Ravel, Handel, Elgar, Stravinsky, a snippet of Puccini's "Turandot," a
bass-clarinet homage to George Gershwin, glissandi, hints of musicals, film
music and Gilbert & Sullivan - Unsuk Chin is a master of stylistic parody,
but also much more than that: she is clearly at home on every highway and
byway of music history. Yet the musical house she constructs with the
building blocks of the past and the present is definitely her own house,
which she has designed and which self-assuredly proclaims her unmistakable
individuality and style. It is a thoroughly modern house that welcomes
everyone who loves music. "I did not want to write music that needs several
pages of explanations to be understood," she says about her first opera,
"Alice in Wonderland."
Unsuk Chin, born in Seoul, Korea, in 1961, had always been fascinated by
Lewis Carroll's fairy tale for children and adults. Director Achim Freyer,
whose productions have been setting standards for decades, sees Chin's
opera as a collection of "dream sequences," for which he has created
imaginary spaces: with the help of pulleys, acrobats depict the magical
characters of Alice's world and suggest the action through pantomime, and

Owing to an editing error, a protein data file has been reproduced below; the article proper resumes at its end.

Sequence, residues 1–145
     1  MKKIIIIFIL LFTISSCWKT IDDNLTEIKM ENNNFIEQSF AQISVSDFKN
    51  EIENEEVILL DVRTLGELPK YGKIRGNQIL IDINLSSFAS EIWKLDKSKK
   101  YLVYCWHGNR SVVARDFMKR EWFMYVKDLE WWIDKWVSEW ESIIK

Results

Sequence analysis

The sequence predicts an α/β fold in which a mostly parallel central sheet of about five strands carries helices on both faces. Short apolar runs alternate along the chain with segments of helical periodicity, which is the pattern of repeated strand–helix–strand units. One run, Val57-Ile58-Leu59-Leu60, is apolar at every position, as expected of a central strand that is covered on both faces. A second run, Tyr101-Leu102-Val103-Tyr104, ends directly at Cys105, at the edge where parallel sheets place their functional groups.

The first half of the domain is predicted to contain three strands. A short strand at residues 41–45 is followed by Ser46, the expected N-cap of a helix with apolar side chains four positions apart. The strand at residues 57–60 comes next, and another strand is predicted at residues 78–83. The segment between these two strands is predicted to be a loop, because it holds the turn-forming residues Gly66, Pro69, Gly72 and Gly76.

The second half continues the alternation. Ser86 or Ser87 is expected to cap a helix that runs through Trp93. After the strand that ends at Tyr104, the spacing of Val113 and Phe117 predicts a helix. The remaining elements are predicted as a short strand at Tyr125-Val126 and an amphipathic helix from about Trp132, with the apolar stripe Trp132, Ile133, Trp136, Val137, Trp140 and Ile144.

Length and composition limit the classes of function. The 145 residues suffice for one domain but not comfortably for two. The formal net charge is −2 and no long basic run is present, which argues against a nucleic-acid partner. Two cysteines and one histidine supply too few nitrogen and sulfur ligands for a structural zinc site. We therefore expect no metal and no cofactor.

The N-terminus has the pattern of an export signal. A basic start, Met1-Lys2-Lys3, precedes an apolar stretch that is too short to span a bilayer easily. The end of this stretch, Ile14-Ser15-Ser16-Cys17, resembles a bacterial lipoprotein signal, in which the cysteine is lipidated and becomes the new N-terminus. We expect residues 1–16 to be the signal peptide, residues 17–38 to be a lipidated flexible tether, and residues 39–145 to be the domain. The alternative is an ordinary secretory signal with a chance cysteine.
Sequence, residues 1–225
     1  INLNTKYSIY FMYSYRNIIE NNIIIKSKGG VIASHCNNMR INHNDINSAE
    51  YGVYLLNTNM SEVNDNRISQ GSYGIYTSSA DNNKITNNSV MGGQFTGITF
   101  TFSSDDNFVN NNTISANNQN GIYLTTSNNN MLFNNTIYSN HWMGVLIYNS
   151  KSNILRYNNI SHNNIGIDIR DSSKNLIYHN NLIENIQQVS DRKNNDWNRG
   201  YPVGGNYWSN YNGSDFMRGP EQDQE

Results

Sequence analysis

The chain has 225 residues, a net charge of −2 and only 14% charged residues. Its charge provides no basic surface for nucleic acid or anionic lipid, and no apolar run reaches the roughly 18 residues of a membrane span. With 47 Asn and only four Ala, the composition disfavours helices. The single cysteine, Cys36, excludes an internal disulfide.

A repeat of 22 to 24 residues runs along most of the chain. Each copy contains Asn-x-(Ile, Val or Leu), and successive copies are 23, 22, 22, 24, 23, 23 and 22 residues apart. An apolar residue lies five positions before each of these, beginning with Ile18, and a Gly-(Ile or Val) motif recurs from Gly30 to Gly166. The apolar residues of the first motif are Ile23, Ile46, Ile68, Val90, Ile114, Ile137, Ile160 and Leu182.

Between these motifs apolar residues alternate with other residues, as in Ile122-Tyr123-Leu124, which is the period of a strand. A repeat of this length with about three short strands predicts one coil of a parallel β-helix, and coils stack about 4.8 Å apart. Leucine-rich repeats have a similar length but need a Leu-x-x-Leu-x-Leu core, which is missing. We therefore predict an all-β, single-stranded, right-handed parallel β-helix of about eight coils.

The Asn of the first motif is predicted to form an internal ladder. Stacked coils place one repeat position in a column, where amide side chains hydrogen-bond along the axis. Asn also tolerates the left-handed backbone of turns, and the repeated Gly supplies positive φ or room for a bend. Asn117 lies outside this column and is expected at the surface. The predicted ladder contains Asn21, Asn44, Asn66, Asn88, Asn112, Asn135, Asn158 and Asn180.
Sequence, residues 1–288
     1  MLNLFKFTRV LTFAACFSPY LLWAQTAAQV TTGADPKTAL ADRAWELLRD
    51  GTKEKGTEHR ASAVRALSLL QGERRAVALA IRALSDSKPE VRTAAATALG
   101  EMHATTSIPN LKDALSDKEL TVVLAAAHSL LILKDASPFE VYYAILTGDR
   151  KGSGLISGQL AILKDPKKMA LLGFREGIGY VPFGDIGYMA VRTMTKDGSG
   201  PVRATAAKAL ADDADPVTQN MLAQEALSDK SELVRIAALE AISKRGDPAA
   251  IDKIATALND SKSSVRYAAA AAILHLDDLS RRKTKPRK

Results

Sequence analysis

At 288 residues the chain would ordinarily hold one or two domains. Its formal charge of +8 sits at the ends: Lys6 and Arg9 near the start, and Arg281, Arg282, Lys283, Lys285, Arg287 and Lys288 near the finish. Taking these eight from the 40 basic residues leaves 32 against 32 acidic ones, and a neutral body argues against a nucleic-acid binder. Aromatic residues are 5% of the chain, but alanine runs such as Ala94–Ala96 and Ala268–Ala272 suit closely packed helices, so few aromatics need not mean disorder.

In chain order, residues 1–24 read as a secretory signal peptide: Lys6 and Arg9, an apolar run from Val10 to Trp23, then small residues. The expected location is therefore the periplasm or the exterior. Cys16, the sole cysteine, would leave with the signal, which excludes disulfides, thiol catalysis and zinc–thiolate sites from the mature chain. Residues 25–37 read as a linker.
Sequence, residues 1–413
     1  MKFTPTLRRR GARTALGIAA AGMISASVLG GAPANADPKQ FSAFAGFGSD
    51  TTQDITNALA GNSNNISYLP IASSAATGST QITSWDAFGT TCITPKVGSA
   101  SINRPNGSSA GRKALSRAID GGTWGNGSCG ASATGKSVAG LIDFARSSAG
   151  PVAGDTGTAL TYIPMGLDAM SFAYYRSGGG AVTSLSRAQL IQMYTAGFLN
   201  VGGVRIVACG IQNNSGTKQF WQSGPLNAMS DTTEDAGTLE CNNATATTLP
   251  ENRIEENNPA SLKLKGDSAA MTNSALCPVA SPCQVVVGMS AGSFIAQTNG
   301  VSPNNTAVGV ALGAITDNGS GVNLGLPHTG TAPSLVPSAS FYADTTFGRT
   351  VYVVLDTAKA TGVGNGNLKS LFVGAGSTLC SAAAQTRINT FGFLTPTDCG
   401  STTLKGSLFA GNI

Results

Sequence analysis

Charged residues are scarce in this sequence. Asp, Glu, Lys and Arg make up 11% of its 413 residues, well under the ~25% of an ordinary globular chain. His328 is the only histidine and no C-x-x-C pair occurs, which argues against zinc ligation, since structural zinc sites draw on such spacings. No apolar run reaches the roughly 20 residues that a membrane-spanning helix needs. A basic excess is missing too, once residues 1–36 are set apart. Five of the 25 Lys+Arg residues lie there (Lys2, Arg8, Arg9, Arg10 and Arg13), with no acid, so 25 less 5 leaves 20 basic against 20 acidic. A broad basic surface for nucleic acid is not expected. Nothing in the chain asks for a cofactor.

with the help of colorful masks and props. "Nightmare visions of the girl.
Dream, reality, hyperreality fuse together, everything is theater,
transformation," says Freyer. The characters themselves are sung by
vocalists (outstanding: Andrew Watts as White Rabbit) sitting in a row at
the front of the stage wearing Lewis Carroll masks.
At the center is Alice, portrayed by the impressive Sally Matthews. "She
must do everything with her flexible, beguiling and characteristic soprano
voice. She shifts with virtuoso ease from rebelliousness to fear,
flirtatiousness, anxiety, irony, tragedy and seductiveness." (Reinhard J.
Brembeck, Süddeutsche Zeitung) Matthews is supported by the dynamically
and transparently playing orchestra of the Bavarian State Opera under Kent
Nagano, who conducted the world premieres of several works by Chin and
originally planned to produce "Alice in Wonderland" in Los Angeles.
One of the great moments of the work is the appearance of Dame Gwyneth
Jones as the Queen of Hearts, "dazzling like a diamond, overwhelming like a
natural phenomenon ... undisputedly the climax of this opening production
... which abounds in phenomenal singers and phenomenal visuals." (Eleonore
Büning, F.A.Z.) One of the highlights of the 2007 Munich Opera Festival,
Unsuk Chin's "Alice in Wonderland" is contemporary music at its most
accessible and crowd-pleasing.
Costumes, masks and puppets are created bei Nina Weitzner.